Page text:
Spotlight interview with Asma Elbassir (Morocco - UMT)

“Giving greater visibility to young people”

“Giving greater visibility to young people”

A qualified dental prosthetist, Asma Elbassir is now a public employee with the social service of Casablanca. A member of the UMT women’s committee and youth committee, she warmly welcomes the strengthened capabilities women have gained thanks to the campaign to unionise women (1). As young Moroccans are increasingly hard hit by unemployment and excluded from the development equation, Asma Elbassir advocates giving them greater visibility and recognition, both within society and the unions.

What motivated your involvement in the union?
I was initially drawn by the associative world of civil society, where I learnt a great deal. The main thing is the idea of making a contribution, to serve others.
I realised that in the world of work, an ordinary woman worker cannot assert her rights if she stands alone in front of her superiors, she cannot defend herself against discrimination and protect her dignity. That’s why it’s important to join a strong organisation where our efforts are united, so that we can better protect the rights of all men and women. I chose the UMT for this purpose, as it carries weight at national and international level, and provides a stimulating framework for promoting rights.

How do you see the situation of women in Moroccan society and on the labour market?
Moroccan women have played an important role in the evolution of Morocco’s human potential. Following a period during which she was left out of the human development process, after a hard fight, she has now achieved unanimously recognised rights. But women are still confronted with obstacles linked to our traditional and cultural heritage, a feeling of inferiority to men, which puts them in a position of weakness when faced with sexual and moral harassment, and confines them to laborious and mediocre jobs without decision making powers. The problems surrounding maternity, which is not taken on board as it ought, mean that women do not have the same training and promotional opportunities as men, who have much easier access to positions of responsibility.

What role did you play in the campaign to organise women in Morocco? (1)
_ I took part in the campaign by doing the trade union rounds at companies, listening to the problems faced by the women workers and promoting the idea that women have every interest in taking part themselves in defending their rights. If women are not involved and do not make their voice heard in the union, the union will not be fully capable of dealing with their specific problems, such as discrimination and harassment.

Has the campaign produced any concrete results?
_ Absolutely, there are real and concrete results. We have strengthened our skills as trade unionists, by building our self confidence, learning how to speak out, developing our communication techniques and our awareness of cultural factors. Women have strengthened their capabilities and are better equipped to take trade union responsibilities.

What are the main problems facing young Moroccans?
_ Young people constitute two thirds of the population, but since independence, Morocco’s policies have not sufficiently integrated young people in the global development equation. The lack of prospects, the difficulties in fulfilling one’s ambitions, unemployment, clandestine immigration, poverty, drugs, unemployment among graduates, all these problems bear witness to the failure to make the most of the nation’s human resources.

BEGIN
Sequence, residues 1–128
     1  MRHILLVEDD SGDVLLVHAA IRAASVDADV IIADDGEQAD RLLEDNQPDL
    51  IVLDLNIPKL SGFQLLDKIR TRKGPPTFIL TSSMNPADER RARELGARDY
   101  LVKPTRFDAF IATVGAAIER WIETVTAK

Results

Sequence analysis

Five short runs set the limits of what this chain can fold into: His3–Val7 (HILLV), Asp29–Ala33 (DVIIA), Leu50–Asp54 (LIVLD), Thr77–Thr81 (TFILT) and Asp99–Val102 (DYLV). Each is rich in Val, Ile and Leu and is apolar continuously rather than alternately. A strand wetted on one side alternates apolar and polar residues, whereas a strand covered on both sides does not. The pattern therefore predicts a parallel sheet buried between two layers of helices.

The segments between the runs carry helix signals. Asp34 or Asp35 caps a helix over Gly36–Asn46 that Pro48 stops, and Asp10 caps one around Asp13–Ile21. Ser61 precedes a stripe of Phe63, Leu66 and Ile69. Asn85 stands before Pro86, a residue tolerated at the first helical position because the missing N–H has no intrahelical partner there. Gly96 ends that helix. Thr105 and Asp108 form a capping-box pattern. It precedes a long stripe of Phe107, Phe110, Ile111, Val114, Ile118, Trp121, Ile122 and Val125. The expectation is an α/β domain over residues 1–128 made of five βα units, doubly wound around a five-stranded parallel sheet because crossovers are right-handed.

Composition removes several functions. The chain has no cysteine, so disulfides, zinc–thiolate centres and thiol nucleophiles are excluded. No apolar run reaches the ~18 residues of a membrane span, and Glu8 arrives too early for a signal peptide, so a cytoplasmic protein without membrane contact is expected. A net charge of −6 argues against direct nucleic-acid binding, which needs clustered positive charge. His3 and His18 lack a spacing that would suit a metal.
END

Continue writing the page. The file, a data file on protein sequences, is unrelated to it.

Do you form part of a specific structure for young people within the union?
Yes. Of course. I am a member of the youth committee. I also take part in the holiday camps for children.

Do you think that the UMT pays sufficient attention to young people and their problems?
_ Since its ninth Congress in 1995, the UMT decided to open up to the democratic civil society organisations (human rights, youth, women’s, unemployed workers’ groups, etc.) that it considers allies of the working classes. The prime minister recently held talks with the UMT, in which particular attention was given to the employment of qualified young people and the national initiative for human development. As regards women, the UMT is part of the network for the fight against sexual harassment, which was set up following the case where a manager at the Sofitel Diwan hotel sexually harassed several female employees. Violence against women, be it physical, verbal, psychological or sexual, is constantly on the rise.

As a young person, how would you like to see the Moroccan trade union movement evolve?
_ As a young person, I have a great desire to see the modern values of democracy integrated within our institutions and society. Morocco is a country of young people, who hold an unlimited source of intelligence and capabilities. These young people want to take part in a new culture of confidence and recognition. They want a greater voice, integration mechanisms and opportunities to participate and develop new relations with the State, society and the nation. The trade union movement must move in this direction and commit to a different approach based on enterprise and initiative. Efforts must be made to mobilise young people and raise their awareness, as they feel a real need for greater visibility.

Interview by Natacha David.

(1)- Also read the ITUC briefing on the UMT organising campaign in Morocco

- Also read the interview of Samira Kinami (Morocco – UMT) entitled “Unionised... and fired on the spot”

- Also see the interview of Naima Bouguerjouma (Morocco – UMT), entitled “Women have understood that joining a union provides them with more rights”